Aftershock recordings from 10 digital seismographs deployed along the axis of the San Francisco Peninsula from the epicenter of the 18 October 1989 Loma Prieta earthquake to San Francisco provide the data for a joint inversion for source, wave propagation, and site effects. The inversion procedure is a least-squares method using the singular-value decomposition algorithm and is done in two parts: The first solves only for the source and attenuation terms for all events, and the second projects the residuals from the first inversion onto the site terms. The coefficient of geometrical spreading is solved for as part of the model of attenuation. Residuals, plotted versus distance and frequency, provide a check on the appropriateness of the attenuation model.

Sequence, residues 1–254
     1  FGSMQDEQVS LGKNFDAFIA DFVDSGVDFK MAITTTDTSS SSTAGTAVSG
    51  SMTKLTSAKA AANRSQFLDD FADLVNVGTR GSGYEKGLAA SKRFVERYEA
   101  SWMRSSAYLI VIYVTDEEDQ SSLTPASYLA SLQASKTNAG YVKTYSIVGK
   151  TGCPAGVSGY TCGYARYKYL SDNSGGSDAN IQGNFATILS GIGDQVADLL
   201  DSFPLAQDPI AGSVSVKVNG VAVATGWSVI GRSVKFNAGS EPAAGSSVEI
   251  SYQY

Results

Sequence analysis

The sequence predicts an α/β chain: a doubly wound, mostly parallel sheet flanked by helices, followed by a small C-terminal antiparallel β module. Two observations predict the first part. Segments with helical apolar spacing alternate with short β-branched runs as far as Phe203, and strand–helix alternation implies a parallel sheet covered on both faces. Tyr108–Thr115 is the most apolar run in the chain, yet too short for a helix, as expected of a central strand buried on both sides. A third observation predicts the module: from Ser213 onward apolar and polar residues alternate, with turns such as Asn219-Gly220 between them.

The earthquakes are all located near the San Andreas fault, mostly in the aftershock zone of the Loma Prieta mainshock, but some area near Daly City on the Peninsula. The data set, provided by GEOS recorders, consists of 148 digital seismograms for 33 events from 10 sites that form a linear profile from the epicentral region to the city of San Francisco, a distance of approximately 100 km. Strong-motion accelerograms are also available for the larger events. Body-wave spectra are fit surprisingly well by our model, especially at distances beyond about 20 km where differences due to radiation pattern effects and changes in angle of incidence become less important. Results from the inversion show that estimates of moment are only 1% higher for the P waves compared to the S waves. Apparently, there are no major biases in the estimates, as each is determined independently of the other. P-wave corner frequencies are 1.5 times higher than S-wave corner frequencies on average. Stress drops with an average of 176 bars for events that range in magnitude from 1.7 to 4.2 are higher than those found in previous studies where site and path were not explicitly taken into account. The exponents of geometrical spreading are very close to one (1.019 for P waves and 1.017 for S waves) for this data set, which extends to about 100 km. The whole path Q (assumed to be frequency independent) was about 800 for both P and S waves (specifically, 790 for P waves and 830 for S waves). The average P-wave attenuation at all sites is quantified by a t* of 0.020 sec, which compares to 0.03 sec for S waves. t* determined for each site range from a low of 0.008 sec at San Bruno Mountain, a hard-rock site, to a high of 0.065 sec at Corralitos in the epicentral area. Residuals of the model fits, which are distance dependent, show larger amplitudes near the epicenter, but fall-off with a minimum at about 30 km where amplitudes are about 30 to 60% lower than average. At distances farther than 30 km, amplitudes rise out to the limit of the data at about 105 km where amplitudes are about average at frequencies less than 10 Hz, but are slightly above average for higher frequencies. The location of this low in amplitude can be explained as the boundary between the amplitude decay of direct arrivals and the emergence of wide-angle reflections from the lower crust and Moho, which increase in amplitude beyond 30 km. These amplitudes correlate with damage patterns from the mainshock, as less damage was observed along the Peninsula but appeared to increase towards San Francisco, even when damage in the Marina and China Basin districts of San Francisco are not included in the damage census.